By Amy Silverman
By Olivia LaVecchia
By Monica Alonzo and Stephen Lemons
By Chris Parker
By Michael Lacey
By Weston Phippen
Hey, I've always said that good things come in pairs, right?
So I was wrong. I went to the recent grand opening (oy--finally!) of the Valley's third Hooters restaurant. Or is it a sports bar? Or maybe just a place where a man can relax with his buddies, down a brew, scope out the game and be served by a gaggle of fine-looking gals in skimpy outfits. Whatever it is, it's sure the way things ought to be, right?
Best of all, the new Hooters came to roost on Mill Avenue in the heart of Tempe--right by my house--so when the little woman's bleaching my shorts down at the Laundromat, I'll have someplace to go. And it ain't just me who's looking for something worthwhile to do on that pansy-ass Mill Ave.
Look, they've got an "art" theatre where they show movies that aren't even in English, a cookie store, a frozen yogurt shop, a place that sells lotions (and I'm not the kinda guy who needs any lotions, dig?), plus some furniture store where all the stuff is made out of old slabs of wood and bent pieces of metal. And what if you're hungry? I mean, the food's pretty good at Jack in the Box, but what the hell is a guy supposed to look at? Those pimply dudes behind the counter?
So that's why my hat is off to the forward-thinking members of the Tempe City Council who awarded Hooters a liquor license, and enabled the place to get built. Thank Jesus in heaven they didn't listen to that handful of screechy, uptight feminists who thought good ol' Hooters would somehow demean women. What a load of malarkey! If anything, it lets girls show off what God gave 'em, the way He made 'em for us to see--right, guys?
Now, don't get me wrong. Some of these sweet little things are thinkers. Plenty of 'em are even in college over at ASU, and you know they don't let in just any broad with blond hair, a good figure and a bright-red '95 Bronco. In fact, "The Hooters Saga" (on the back of every menu) says, "Don't be surprised if you look around and see students hard at work here studying for their bachelor's degree in Hooters 101--the study of Poultry in Motion." One honey I talked to told me she was studying law. I throw myself upon the mercy of the court already!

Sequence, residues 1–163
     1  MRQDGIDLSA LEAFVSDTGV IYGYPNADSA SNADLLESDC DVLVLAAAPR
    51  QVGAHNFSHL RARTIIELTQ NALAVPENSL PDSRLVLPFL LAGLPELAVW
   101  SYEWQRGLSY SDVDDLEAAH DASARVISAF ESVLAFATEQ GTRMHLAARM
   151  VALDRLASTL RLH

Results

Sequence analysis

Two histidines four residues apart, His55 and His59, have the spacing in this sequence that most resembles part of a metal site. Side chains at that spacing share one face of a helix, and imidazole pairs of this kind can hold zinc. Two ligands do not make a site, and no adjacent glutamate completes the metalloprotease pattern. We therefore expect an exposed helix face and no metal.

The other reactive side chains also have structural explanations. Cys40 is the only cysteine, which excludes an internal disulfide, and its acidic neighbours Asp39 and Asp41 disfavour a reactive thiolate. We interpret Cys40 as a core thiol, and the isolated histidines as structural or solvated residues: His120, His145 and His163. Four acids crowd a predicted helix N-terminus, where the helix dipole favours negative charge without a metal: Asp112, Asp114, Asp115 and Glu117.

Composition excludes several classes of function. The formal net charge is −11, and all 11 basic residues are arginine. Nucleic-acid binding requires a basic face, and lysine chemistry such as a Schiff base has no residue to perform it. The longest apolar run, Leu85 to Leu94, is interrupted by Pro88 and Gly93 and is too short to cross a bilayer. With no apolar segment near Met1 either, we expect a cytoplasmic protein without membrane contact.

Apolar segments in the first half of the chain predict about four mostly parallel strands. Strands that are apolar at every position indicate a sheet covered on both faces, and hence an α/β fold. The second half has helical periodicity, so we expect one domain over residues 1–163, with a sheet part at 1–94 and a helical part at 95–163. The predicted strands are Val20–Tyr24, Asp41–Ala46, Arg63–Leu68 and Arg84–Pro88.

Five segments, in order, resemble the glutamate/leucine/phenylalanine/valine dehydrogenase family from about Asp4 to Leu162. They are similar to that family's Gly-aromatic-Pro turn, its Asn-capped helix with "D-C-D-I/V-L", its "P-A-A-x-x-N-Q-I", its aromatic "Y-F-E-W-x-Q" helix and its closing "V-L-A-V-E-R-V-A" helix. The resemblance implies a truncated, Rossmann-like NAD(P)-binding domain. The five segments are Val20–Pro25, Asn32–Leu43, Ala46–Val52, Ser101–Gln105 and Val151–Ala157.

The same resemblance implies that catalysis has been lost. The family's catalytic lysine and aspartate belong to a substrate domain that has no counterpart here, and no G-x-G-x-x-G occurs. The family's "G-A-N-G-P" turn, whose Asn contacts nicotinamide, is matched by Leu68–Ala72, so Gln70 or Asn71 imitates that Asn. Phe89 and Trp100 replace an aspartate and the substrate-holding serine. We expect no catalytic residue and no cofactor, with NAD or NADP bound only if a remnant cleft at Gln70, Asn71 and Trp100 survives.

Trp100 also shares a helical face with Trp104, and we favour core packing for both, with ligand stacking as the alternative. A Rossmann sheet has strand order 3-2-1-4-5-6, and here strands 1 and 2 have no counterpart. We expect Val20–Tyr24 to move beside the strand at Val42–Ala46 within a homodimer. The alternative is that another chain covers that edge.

Of course, if all you want is to hang out with stone cold foxes, there've always been full-on skin joints like Bourbon Street Circus. But they cost too darn much. Not only is it like five bucks for a table dance, but, jeez, it's like the women are in control. Makes a guy nervous. I prefer a place where I tip if and when I want to.
Besides, what's wrong with a little something left to the imagination? I'm certainly sensitive enough to appreciate a classier display of feminine beauty than what's offered at those strip bars.
Which brings me back to my first encounter with Hooters.
It was in the July '86 issue of Playboy; the Playmate of the Month was one Lynn Austin (35/24/35!!), who worked at a Florida Hooters. Not only was she a babe, but there was a picture of her talking to George Brett. He's a really good baseball player, so I figure Lynn musta been cool. I remember checking out her interests penned in her own rounded, sexy cursive--in the Playmate Data Sheet (a virtual Rosetta stone for those of us who care enough to find out what makes a woman tick).
Ambitions: "Every day is a new ambition. Hey, maybe I'll be a pilot . . . or a florist . . . or a star.
Turn-ons: Men's buns, expensive cologne, green eyes . . . light beer and cheese popcorn (together).
Then last April, I was in the liquor store picking up a six of Pabst when I glanced at the rack of Playboys. Right there on the cover was a bombshell in a Hooters outfit, and next to her it said, "Today's Special! The Girls of Hooters." Sure enough, there were all these pictures of girls inside, and they worked at Hooters. Lordy! I could describe what these girls were wearing, but I'm no Shakespeare. Here's what the pros at Playboy said about the official Hooters costume: "The color orange screams for attention. It's one of the brightest, most intense colors in the spectrum. It's almost combustible. Fire is orange. And orange is the color of the silky, micro gym shorts worn by the Hooters girls. Stare long enough and that orange will burn a hole right through your gray matter. Top off those shorts with a tight, white tee shirt (usually knotted in the back to emphasize the chest and bare midriff), and the results are death by Creamsicle."
The only thing they left out are the brown support hose and white running shoes that the girls wear. You know something, I really think those thick, industrial-strength hose are a smart touch. They make the girls seem so, well, real.